It is the evening before her first solo exhibition in London but Erin Lawlor has already taken a step back from the canvases hanging in the Turf Gallery, Notting Hill. ‘At this stage the paintings have a life of their own,’ she says. But after nearly two decades of painting in Paris is still apprehensive about exhibiting. ‘The French for ‘to exhibit’ is ‘exposer’ she says, ‘and exhibitions really do expose you.’
Less than three weeks before she was supposed to journey to London, thieves stole two of the largest canvases put aside for the exhibition. The following day she learned another of the paintings destined for the Turf had been short listed for the prestigious Salon de Montrouge painting prize. She had just 10 days to paint a substitute piece. ‘Everything suddenly snowballed but I think this is a good sign ? my painting is reaching maturity.’
Erin Lawlor’s paintings can take weeks and months to materialise but when they ‘come together’ they are completed within a day. ‘It is important not to have too much intention,’ she says, ‘there is very definitely an internal logic to the painting.’
She works on the floor using 30cm wide household brushes: ‘It’s almost like doing Thai-chi in the studio,’ she says. The paintings are floral and organic, sweeping and swirling brushstrokes that can appear at times dark yet contain a spectrum of colours. ‘They are spaces on which spectators can project ? people tend to see what they want,’ she explains. Her work has not always had this freedom ? for 10 years she produced mainly portraits. ‘In terms of communication the most recent paintings are much more satisfying,’ she says.
Lawlor left London when she was 18. She studied history of art at the Sorbonne and half way through a Masters degree began painting full time. Her first private commission was from a member of the Dubuffet Foundation in Paris. ‘Afterwards I was handed a blank cheque,’ she explains. ‘At the time I thought it was very generous but afterwards I thought they’d passed the problem onto me ? it took me a very long time to work out how much I should write out.’
Exactly 18 years after arriving in Paris, Lawlor is happy to be exhibiting in London. ‘I am ripe to come back now,’ she says. ‘In a way I’m coming back to my roots. You never really get away from them though ? my paintings have always been more Anglo Saxon than French. Paris has always shown me how I’m not a French painter.’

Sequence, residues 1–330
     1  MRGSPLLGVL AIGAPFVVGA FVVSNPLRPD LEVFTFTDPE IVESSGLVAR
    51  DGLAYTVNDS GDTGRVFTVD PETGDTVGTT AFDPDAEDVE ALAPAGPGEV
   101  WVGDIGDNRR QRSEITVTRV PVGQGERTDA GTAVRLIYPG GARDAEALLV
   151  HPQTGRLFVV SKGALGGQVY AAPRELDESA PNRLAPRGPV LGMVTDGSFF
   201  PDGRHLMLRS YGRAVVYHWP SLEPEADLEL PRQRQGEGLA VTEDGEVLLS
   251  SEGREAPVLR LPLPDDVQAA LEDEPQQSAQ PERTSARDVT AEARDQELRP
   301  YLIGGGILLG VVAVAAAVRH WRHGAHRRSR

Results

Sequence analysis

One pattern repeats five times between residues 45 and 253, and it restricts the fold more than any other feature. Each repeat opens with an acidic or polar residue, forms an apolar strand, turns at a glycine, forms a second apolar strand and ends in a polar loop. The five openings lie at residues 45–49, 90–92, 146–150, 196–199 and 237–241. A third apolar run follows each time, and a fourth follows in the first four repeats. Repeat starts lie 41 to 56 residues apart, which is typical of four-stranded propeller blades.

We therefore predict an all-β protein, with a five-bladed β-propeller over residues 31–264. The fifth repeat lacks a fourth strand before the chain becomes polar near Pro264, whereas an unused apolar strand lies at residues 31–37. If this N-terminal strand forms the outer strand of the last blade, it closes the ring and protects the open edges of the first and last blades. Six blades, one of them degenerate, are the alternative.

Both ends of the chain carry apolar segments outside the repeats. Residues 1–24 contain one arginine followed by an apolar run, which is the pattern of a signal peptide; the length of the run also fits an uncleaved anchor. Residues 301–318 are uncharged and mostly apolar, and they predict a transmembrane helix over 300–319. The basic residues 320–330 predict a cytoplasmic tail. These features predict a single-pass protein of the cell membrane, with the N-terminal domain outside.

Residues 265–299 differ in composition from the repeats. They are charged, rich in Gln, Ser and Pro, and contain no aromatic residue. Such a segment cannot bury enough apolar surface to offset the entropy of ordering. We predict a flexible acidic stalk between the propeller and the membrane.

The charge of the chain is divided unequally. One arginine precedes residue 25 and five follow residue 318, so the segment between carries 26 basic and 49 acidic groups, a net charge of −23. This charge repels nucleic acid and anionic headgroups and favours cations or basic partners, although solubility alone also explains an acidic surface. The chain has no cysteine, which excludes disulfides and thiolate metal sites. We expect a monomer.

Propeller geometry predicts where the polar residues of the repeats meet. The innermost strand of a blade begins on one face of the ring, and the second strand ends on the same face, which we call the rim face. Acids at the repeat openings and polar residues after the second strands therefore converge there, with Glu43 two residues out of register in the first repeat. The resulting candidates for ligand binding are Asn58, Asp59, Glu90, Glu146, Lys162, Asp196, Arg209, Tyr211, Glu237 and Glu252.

Painting in Paris, she says, is at a problematic stage ? painting is still seen as an elitist form with conceptual art the only acceptable genre. ‘There are two art markets in Paris ? conceptual and very traditional.’
Lawlor’s art is both and neither. The large canvases, with their sweeping brush movements are individual, intimate and highly skilled. ‘Very few female painters work in oils of this size,’ she explains. Although they are not direct influences, Lawlor sees similarities with her work and that of Georgia O’Keefe, Helen Frankenthaler and Joan Mitchell.
‘In England you don’t have to justify oil painting,’ she says, adding that she is enjoying rediscovering London. ‘I do stupid things. I don’t know how to work the machines in the tube stations. But it’s refreshing to be back in England and it is important for me to have recognition here.’
The Turf Gallery and Lawlor is a match made in heaven. Glass artist Stephanie Carlton Smith, who owns the property, is determined to run a gallery which promotes the translation of ideas by using a skill. For many years Carlton Smith sold her own work from the property, which is situated on a kink of Westbourne Park Road in Notting Hill. ‘I couldn’t keep up with the demand so I shut it down,’ she says. ‘Everyone thought I was mad but I really had to think about why I was doing it.’ After completing a Masters degree at the Royal College of Art she decided to set it up in a different way ? as a rentable space for artists with her own workshop downstairs.
Turf is now booked until December. ‘I have great faith in the space,’ she says. ‘For me art is the translation of ideas into 2d or 3d by using a skill.’ But the Turf, rather like Lawlor’s painting, does not have a fixed criterion. ‘I like artists to approach me and bring in ideas,’ Carlton Smith explains. And the space itself also seems to be a moveable feast. ‘I discovered today that I own two ft of pavement in front of the shop, says Carlton Smith, ‘I’m thinking of putting some grass down and a little fence.’
Erin Lawlor is exhibiting at the Turf Gallery, 81 Westbourne Park Rd until March 26 2007. Opening hours Tuesday ? Saturday 11am-6pm.
For further details please telephone +44 (0)207 221 5215 .